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Choosing which Non-Profit to Support

by | Oct 4, 2020 | Non-profits | 0 comments

Where Does Your Money Go?

Do you donate to charities or non-profits? If so, do you prefer small community-based charities or large, powerful national ones? Do you know which ones effectively support their cause and which ones waste the most money?

Maybe you’ve noticed here and on my Insta/FB feed that a percentage of all my sales go to one of four environmental non-profits. Recently, a friend asked me how I chose those non-profits. In this blog, I’ll explain how I did that because it’s important to research where the money goes when giving it to a charity. Feeling confident that the folks on the receiving end of charitable donations are fiscally responsible and are helping the cause is essential. Don’t you think?

Revenue

For the sake of this blog, I’ve created an entirely hypothetical non-profit. I’m going to call it NPX.

First, let’s look at where the revenue for NPX comes from – how do they get their money? Many charities rely heavily on private donations and membership fees. Some apply for and receive federal/state grants – which means your tax dollars already support them to some extent. Typically, smaller non-profits, like your local choir group, will rely more heavily on state or federal funding than your larger national non-profits, like the Sierra Club.

Let’s say NPX brings in $10M a year between donations and federal grants. That’s a nice round, manageable number.

Expenses

There are three main categories under a charity’s expenses that require attention. The first is executive salaries. If the CEO of NPX is making $1M a year, it means one salary is 10% of NPX’s revenue. For every donated dollar, 10 cents of it is going directly into the CEO’s bank account. Now I don’t begrudge anyone from earning an honest living for hard work. But if the CEO is making $1M in salary, and NPX only generates $10M a year, what else do you think is charged under ‘expenses’? Not even the Red Cross CEO makes a $1M annual salary – and that’s a billion-dollar-plus non-profit.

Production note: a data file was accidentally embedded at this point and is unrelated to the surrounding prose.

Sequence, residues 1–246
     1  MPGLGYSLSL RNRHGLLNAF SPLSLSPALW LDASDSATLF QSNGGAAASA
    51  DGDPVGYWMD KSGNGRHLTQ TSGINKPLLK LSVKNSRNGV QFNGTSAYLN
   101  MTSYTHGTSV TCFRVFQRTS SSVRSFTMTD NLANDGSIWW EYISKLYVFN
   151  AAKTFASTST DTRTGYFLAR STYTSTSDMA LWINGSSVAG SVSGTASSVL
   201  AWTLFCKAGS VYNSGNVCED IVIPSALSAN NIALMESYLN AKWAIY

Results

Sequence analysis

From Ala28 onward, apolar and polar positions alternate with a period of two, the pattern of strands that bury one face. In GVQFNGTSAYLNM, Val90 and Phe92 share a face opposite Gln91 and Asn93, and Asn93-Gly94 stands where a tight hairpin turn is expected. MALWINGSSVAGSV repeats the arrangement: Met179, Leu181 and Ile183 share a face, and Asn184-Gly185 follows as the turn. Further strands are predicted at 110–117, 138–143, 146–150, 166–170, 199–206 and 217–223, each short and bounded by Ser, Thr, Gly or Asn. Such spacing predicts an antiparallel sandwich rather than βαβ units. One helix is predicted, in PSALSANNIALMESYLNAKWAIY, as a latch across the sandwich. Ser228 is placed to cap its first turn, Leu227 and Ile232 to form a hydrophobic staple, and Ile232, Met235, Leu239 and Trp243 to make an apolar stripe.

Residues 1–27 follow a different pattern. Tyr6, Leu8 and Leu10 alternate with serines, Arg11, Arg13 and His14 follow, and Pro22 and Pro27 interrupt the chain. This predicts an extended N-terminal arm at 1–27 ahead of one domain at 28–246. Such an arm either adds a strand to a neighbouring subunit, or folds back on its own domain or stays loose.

The next expense is fundraising. For every dollar a non-profit brings in, how much is being spent on fundraising campaigns? Again, say for simplicity’s sake, NPX pays 25 cents for every dollar it collects through fundraising (advertising, events, etc.). That doesn’t seem so horrible. But here’s how that math breaks down so far:

You donate one dollar.

  • The CEO’s salary is 10 cents.
  • The fundraisers take another 25 cents.

The dollar you donated is now worth 65 cents towards the programs (cause) you want to support.

Finally, there are administrative costs. Admin expenses can include office space, equipment, utilities, staff salaries, travel, etc. It’s typically broken down on a charity’s financial report. Say administrative costs for NPX are 30%. So, after the CEO’s salary (10 cents), fundraising (25 cents), and administrative expenses (30 cents), your dollar is now worth 35 cents to the programs you want to support. Does it feel like someone might be using the non-profit as a shell company for a cozy lifestyle? While that’s not the norm, it happens.

A healthy non-profit can typically operate using around 10-15% of its revenue (using only 10-15 cents per dollar generated). It relies on volunteers to help with administrative operations, has lean (not fancy) offices, and is very fiscally responsible.

Do Some Research!

NPX and the above numbers are all entirely hypothetical to make a point. If you’re going to donate money to a charity, you might want to consider doing some research! Just because a non-profit appears to be sincere and responsible, it doesn’t mean they are. In addition to having a mission that resonates with you, looking at fiscal accountability needs to be a part of deciding which charity to support. Don’t you want as much of your dollar to go towards programming as possible?

So how can you easily research a charity that you want to support? Most truly transparent non-profits have recent, audited fiscal reports accessible on their website. And sometimes, if the tax documents aren’t there, you can call or email the organization, and they will send you a link to follow or a .pdf of their current financials. There’s also a great website called Charity Navigator (https://charitynavigator.org) where you can type in the name of the charity you’re researching to find the data.

If you’re researching a charity and not finding any of this information available, my recommendation is to find another charity. By law, and in the spirit of what non-profits stand for, transparency is key to their operations. If an organization is stonewalling you, give your money to someone who’ll value your support more.

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